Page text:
On the other hand, my mid-twenties daughter has used AfterPay in the past. She wasn’t even sure why she used it as she has a good job, a solid bank balance and still lives at home with us. She said she’d probably just use AfterPay again if she needed rather than switch to Apple’s offering - primarily because she’s used it before. If Pay Later works without additional set up I imagine she’d consider it.
Of course, we’re in Australia so at this stage it’s all academic.
Some of these items are valid criticisms, but I think others fall into the bucket of features that don’t match your way of working, but others find great value in.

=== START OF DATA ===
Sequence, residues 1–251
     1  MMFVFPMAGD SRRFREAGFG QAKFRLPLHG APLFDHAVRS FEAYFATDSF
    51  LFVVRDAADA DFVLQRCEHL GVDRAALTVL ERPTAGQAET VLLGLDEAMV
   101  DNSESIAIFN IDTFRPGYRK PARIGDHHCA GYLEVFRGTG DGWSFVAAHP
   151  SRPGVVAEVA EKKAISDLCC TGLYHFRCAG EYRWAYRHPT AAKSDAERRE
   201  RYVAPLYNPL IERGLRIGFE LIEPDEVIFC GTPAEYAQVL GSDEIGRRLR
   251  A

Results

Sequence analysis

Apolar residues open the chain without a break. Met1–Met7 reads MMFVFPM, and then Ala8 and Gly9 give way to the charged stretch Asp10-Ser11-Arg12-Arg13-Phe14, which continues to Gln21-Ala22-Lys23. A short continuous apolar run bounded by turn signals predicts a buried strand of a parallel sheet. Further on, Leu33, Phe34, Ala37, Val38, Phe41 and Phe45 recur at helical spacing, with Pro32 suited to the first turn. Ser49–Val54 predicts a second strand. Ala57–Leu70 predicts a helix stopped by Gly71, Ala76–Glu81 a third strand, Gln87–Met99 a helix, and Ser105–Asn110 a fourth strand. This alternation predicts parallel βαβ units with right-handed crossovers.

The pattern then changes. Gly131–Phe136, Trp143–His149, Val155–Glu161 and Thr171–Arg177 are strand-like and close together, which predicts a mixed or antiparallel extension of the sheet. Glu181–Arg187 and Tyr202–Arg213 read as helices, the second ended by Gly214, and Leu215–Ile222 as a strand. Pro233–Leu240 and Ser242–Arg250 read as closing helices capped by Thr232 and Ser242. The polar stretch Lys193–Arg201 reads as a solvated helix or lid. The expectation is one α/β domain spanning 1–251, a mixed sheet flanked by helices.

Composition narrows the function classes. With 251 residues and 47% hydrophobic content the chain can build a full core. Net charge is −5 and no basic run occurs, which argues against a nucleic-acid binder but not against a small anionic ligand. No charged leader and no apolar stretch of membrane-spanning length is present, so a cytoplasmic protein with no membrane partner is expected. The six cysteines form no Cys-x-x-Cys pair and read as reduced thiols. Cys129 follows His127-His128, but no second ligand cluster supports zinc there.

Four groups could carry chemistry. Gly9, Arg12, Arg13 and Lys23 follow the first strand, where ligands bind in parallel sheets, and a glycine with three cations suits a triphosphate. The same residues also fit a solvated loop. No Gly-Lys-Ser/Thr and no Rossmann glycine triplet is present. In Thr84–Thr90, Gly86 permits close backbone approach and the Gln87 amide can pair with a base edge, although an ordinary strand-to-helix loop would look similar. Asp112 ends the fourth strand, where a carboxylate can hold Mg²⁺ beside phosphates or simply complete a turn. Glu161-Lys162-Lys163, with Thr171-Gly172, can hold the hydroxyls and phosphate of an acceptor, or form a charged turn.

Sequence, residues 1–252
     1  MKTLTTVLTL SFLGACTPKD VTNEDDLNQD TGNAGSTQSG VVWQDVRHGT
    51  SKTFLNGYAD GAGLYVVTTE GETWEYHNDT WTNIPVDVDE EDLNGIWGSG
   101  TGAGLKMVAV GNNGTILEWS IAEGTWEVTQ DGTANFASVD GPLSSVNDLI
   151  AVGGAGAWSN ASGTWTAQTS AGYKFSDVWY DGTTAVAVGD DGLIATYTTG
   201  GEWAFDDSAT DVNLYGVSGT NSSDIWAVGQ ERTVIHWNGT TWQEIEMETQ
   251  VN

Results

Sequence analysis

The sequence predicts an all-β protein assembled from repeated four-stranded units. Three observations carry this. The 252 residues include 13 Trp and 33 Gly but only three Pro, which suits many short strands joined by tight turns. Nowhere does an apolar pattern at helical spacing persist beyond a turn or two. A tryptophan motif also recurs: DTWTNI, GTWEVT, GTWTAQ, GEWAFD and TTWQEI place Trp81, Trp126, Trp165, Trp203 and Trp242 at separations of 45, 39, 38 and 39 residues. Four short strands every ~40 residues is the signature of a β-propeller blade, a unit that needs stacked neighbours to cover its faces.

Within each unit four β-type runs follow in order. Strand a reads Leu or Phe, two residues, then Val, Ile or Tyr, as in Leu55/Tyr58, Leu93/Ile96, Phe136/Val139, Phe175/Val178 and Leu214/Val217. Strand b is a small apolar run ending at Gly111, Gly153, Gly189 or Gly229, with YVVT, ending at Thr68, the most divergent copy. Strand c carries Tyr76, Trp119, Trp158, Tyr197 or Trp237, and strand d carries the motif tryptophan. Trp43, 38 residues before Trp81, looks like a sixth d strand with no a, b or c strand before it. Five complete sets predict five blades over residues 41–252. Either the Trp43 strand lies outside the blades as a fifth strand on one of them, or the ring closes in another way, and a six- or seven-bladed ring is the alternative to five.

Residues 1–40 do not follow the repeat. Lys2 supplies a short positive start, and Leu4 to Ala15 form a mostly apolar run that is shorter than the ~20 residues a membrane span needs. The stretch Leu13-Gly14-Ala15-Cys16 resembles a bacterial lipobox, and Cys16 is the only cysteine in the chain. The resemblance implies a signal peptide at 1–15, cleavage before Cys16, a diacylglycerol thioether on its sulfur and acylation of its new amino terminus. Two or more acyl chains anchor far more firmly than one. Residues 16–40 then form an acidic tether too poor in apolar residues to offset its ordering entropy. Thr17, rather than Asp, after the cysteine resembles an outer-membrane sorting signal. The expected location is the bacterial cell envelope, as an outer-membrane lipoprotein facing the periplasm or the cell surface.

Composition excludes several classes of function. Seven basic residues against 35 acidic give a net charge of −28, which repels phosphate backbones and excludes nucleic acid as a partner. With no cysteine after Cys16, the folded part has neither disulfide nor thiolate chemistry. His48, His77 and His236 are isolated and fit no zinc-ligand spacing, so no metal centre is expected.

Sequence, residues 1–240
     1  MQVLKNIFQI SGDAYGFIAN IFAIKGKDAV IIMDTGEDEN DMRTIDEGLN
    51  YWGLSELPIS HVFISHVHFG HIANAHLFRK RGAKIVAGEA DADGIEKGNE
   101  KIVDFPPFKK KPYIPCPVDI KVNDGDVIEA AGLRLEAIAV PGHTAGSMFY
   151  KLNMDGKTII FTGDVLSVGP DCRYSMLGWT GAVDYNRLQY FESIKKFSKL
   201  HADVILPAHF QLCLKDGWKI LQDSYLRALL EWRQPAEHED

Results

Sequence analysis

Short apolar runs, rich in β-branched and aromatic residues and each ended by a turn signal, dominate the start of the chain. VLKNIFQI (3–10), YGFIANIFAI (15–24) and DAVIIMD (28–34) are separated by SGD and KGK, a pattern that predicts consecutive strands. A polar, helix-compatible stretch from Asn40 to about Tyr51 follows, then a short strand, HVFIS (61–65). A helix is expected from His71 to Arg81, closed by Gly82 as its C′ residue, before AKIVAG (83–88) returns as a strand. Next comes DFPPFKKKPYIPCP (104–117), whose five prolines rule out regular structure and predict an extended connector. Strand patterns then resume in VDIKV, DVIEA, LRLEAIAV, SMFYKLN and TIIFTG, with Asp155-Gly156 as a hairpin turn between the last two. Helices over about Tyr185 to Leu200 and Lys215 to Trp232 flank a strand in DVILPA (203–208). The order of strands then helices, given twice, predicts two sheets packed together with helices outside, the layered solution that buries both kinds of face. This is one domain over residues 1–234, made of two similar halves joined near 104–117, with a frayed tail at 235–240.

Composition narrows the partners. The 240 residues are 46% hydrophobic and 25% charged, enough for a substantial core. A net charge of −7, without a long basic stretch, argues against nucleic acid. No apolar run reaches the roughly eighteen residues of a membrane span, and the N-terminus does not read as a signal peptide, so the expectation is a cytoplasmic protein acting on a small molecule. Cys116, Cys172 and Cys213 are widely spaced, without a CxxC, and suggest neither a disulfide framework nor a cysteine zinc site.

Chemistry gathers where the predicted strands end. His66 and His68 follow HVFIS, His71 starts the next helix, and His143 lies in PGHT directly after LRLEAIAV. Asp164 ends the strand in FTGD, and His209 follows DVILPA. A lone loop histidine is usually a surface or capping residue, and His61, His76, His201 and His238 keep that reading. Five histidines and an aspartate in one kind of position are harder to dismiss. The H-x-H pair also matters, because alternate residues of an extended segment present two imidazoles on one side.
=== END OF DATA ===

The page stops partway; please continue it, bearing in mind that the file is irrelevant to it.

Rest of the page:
Tab groups stands out as an example of the latter to me – it’s one of my favourite features of MacOS 12, and has become embedded in the way I use the web. And I know several other people of who this is true as well. It’s precisely because they’re not permanent like bookmarks that they’re useful. (I do agree that the behaviour when clicking a link in another application is annoying though.) Shared tab groups will be very useful to me for certain situations, and I imagine for millions of others too. So I’m thrilled to see them expanding on it, and I think they absolutely should be evolving the feature.